Pegasus may also be used by countries with suspicious human rights records and abusive behavior records based on national security. In addition, we have found some signs involving political themes in the network monitoring targets of several countries. Therefore, it is questionable whether this spy monitoring technology is used in legal criminal investigation activities.

Background summary

Pegasus is a mobile espionage software developed and sold by NSO company, an Israeli "cyber weapons" supplier. In order to achieve target monitoring, the attacker will first construct a special link containing vulnerability exploitation and send it to the target's mobile phone. Once the target clicks on the link, a series of 0-day attacks will be realized, and malicious devices will be installed under the circumstances of concealment and no permission Software, and eventually an attacker can control the phone. After that, the attacker can remotely control the victim's mobile phone through command and C2 server, steal sensitive information, and return information including password, contact list, calendar events, SMS and voice call of popular chat app. The attacker can even remotely capture the activity behavior near the mobile phone by the victim's mobile camera and microphone.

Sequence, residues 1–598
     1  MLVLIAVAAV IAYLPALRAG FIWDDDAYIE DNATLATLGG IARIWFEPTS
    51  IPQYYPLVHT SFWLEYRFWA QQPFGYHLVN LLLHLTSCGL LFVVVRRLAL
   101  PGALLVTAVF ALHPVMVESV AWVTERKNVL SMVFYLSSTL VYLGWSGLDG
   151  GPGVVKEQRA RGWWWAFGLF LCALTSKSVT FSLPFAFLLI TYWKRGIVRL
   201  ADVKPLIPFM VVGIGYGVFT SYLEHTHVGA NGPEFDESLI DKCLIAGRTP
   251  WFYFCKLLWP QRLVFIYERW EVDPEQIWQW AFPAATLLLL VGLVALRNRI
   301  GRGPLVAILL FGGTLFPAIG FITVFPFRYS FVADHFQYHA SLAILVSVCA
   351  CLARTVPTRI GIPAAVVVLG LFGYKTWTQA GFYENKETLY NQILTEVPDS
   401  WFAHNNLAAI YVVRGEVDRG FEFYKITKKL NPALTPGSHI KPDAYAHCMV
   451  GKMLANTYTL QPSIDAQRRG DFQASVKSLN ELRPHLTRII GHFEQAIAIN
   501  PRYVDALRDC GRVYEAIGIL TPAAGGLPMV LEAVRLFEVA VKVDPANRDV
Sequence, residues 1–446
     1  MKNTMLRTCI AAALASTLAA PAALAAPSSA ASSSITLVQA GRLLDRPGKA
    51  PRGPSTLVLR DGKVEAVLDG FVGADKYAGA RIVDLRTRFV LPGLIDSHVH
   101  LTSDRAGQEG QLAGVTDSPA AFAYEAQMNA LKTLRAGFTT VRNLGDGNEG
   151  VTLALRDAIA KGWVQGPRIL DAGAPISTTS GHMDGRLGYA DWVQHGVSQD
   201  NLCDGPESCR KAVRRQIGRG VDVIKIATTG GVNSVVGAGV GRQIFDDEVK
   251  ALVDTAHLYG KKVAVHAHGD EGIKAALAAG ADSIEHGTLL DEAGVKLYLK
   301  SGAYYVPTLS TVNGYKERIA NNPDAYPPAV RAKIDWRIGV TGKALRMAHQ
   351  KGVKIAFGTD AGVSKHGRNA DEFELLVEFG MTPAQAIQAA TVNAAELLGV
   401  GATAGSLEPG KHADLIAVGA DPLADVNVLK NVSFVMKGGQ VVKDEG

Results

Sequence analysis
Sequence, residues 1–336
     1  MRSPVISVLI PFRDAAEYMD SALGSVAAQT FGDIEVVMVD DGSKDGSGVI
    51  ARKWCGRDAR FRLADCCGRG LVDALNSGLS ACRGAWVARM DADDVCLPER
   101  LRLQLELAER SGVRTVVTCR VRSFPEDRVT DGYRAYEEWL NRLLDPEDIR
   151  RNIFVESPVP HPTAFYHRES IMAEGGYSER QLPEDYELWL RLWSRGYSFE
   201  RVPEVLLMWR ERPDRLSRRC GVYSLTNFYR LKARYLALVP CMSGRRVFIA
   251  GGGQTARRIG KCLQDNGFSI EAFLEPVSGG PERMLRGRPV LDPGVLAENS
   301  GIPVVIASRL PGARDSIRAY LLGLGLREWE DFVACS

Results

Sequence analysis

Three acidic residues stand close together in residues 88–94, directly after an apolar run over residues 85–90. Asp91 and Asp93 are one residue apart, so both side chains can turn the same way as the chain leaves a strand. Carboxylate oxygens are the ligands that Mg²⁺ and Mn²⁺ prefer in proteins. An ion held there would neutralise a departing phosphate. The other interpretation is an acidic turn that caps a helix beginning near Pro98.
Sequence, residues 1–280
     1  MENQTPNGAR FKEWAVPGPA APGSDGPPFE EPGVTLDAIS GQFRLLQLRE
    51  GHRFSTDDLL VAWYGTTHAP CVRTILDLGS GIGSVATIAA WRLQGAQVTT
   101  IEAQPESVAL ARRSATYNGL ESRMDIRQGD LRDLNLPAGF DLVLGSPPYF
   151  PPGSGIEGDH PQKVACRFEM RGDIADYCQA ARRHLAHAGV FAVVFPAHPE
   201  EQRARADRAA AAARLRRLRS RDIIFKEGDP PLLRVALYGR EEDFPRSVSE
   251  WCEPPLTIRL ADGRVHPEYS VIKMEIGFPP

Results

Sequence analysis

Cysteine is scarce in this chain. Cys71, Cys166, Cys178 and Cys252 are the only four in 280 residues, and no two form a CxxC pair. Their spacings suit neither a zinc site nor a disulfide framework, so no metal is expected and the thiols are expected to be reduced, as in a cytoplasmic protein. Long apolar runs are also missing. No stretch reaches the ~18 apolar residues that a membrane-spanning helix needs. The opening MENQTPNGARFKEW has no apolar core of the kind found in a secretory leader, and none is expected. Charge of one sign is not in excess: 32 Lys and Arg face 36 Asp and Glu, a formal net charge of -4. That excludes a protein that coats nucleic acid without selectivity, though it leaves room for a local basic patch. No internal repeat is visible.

Pegasus exploits links and C2 servers using HTTPS, which requires domain name registration and maintenance by attackers. In order to increase concealment, the domain names registered by attackers sometimes disguise themselves as mobile operators, online services, banks or government services. Multiple domain names may be registered under the name of an attacker, which are used to send links and use C2 servers. In most cases, Pegasus related domain names will eventually resolve to the NSO or the cloud virtual server rented by the attacker, which is commonly referred to as the front-end server. After that, these front-end servers will forward traffic or data to the back-end server actually controlled by the attacker through multiple transit nodes.